Landmark Society calls Parkway a top preservation priority
ROCHESTER – The five top preservation priorities in the region for the Landmark Society of Western New York includes the Lake Ontario State Parkway, a road which residents and elected officials have tried to draw attention to due to deteriorating conditions in recent years.
Photos by Tom Rivers: The Lake Ontario State Parkway has two westbound and eastbound lanes. The road is bumpy in spots with cracks and pockmarks, especially just across the Orleans County line in Hamlin. Many of the off-ramps are in bad shape.
The Landmark Society announced its annual list of “Five to Revive.” The group has picked five priorities each year since 2013.
It has previously named the old Holley High School (2013) and Hillside Cemetery and Chapel in Clarendon (2014) to the list. That designation has drawn interest from a developer for the old school in Holley and grant funds for the chapel at Hillside.
The Parkway is 35 miles long, including 12.7 miles into Orleans County. The road ends near the Lakeside Beach State Park in Carlton. The Parkway includes bridges that go over the Oak Orchard River
The Landmark Society noted the road is one of only two state parkways built in western New York. It was constructed beginning in the late 1940s. It was originally planned by Franklin D. Roosevelt to connect Fort Niagara to the Thousand Islands.
“The Lake Ontario State Parkway is architecturally significant as a designed historic landscape in the tradition of earlier parkways in New York State, featuring a picturesque curving route, rustic sandstone bridges and buildings, and park-like landscaping, offering scenic views of Lake Ontario and the surrounding countryside,” the Landmark Society stated.
The bridges over Oak Orchard River were built for the Lake Ontario State Parkway, which ends abruptly 2 miles west of the river.
The organization said the Parkway needs significant investment.
“A part of the Great Lakes Seaway Trail National Scenic Byway, the Parkway could present an opportunity for reuse as a multi-purpose recreational corridor, with road maintenance costs decreased as the Parkway’s use and appeal is diversified to better serve varied groups of users,” the Landmark Society said.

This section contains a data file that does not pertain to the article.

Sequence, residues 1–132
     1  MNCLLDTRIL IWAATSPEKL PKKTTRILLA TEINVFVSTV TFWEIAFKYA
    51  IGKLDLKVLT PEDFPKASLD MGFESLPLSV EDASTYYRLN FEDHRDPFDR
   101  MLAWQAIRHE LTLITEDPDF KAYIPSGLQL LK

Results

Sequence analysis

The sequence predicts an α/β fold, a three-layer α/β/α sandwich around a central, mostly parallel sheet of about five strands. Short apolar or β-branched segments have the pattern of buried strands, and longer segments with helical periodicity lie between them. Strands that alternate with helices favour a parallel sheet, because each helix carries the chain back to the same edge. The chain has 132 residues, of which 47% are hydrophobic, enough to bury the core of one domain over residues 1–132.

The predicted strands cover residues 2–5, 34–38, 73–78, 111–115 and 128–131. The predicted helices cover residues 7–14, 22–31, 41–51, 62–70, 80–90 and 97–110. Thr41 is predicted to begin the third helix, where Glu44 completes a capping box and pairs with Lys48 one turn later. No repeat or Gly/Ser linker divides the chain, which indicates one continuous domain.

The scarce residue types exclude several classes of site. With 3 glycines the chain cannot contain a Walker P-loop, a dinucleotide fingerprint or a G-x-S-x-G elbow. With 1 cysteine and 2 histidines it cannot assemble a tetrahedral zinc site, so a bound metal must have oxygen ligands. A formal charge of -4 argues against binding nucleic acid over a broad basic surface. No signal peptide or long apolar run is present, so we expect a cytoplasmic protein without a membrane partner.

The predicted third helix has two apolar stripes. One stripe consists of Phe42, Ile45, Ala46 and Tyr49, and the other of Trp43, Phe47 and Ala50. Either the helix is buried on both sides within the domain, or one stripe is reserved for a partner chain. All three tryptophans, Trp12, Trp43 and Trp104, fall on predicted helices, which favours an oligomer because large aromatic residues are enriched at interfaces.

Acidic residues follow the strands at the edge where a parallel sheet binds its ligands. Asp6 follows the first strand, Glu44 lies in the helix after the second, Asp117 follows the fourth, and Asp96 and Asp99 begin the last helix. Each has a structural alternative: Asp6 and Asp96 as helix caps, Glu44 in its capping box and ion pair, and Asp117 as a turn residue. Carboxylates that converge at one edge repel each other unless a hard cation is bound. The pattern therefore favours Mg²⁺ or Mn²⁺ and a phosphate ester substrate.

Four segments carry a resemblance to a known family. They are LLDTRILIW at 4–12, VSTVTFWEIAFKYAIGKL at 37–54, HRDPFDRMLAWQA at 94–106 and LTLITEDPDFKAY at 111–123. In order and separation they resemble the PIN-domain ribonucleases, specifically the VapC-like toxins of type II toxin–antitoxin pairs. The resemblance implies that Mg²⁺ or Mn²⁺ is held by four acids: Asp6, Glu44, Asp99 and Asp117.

Other sites on the “Five to Revive” include:
- Former Rochester Brewing Company complex, Rochester, NY
- Downtown Perry Block of Commercial Buildings, Village of Perry, Wyoming County
- Dove Block, City of Geneva, Ontario County
- The Traditional Trades
In listing the traditional trades, the Landmark Society said there is a shortage of trained professionals in carpentry, masonry, stained/decorative glass, painting, roof repair, metalwork, and window restoration with historic buildings.
“Without a new generation of craftspeople to take over, we are approaching a crisis level of diminishing resources and knowledge to care for our historic resources,” the Landmark Society stated. “Rehabilitation of historic buildings has increased exponentially during the past several decades, providing employment opportunities for craftspeople who are trained in these specific skills.”
The organization said other communities have developed trade schools and preservation skills programs.
“This the fourth year that The Landmark Society of Western New York is announcing the Five to Revive list to call attention to key properties and priorities for revitalization in western New York,” said Wayne Goodman Executive Director.
“The Five to Revive initiative is proving to be very successful and continues to showcase our ongoing efforts demonstrating that preservation and adaptive reuse are effective strategies for revitalization in Western New York,” said Tom Castelein, Vice-President of Preservation on The Landmark Society Board who chairs the Five to Revive initiative.
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